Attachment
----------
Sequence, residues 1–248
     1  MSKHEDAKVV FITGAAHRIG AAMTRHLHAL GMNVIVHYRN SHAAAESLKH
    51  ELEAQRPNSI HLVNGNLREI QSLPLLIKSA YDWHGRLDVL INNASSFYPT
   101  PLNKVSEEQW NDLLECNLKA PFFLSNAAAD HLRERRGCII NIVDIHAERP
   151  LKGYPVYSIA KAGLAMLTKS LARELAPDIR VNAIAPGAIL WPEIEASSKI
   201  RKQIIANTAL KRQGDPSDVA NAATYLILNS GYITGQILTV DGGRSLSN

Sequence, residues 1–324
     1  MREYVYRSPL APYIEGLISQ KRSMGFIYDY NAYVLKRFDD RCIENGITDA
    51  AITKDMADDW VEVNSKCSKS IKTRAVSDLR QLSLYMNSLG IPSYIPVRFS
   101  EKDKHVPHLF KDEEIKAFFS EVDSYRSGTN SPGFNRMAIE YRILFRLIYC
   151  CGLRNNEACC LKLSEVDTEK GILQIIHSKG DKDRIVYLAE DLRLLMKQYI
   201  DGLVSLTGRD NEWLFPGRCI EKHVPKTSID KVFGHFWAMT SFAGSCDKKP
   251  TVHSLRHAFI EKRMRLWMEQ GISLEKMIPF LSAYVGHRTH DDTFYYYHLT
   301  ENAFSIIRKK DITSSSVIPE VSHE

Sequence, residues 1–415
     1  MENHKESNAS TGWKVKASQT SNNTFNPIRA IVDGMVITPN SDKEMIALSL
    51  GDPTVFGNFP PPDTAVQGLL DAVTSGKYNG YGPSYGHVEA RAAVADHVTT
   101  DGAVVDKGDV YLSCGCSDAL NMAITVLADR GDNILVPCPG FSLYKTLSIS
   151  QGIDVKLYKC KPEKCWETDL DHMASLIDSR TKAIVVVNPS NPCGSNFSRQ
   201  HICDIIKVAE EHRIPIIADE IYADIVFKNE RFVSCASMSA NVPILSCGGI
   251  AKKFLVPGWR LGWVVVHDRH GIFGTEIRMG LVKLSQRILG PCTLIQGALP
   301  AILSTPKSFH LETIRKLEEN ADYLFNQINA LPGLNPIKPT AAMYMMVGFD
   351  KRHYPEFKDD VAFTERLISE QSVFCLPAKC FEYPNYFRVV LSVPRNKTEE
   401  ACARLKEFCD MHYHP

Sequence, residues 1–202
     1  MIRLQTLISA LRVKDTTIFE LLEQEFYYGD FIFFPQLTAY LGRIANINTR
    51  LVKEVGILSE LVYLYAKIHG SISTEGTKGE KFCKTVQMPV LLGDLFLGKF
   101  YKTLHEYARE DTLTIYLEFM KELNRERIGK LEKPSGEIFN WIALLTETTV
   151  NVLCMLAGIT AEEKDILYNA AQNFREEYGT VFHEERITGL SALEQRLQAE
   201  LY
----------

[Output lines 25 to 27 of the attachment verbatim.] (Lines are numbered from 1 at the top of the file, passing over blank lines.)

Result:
Sequence, residues 1–202
     1  MIRLQTLISA LRVKDTTIFE LLEQEFYYGD FIFFPQLTAY LGRIANINTR
    51  LVKEVGILSE LVYLYAKIHG SISTEGTKGE KFCKTVQMPV LLGDLFLGKF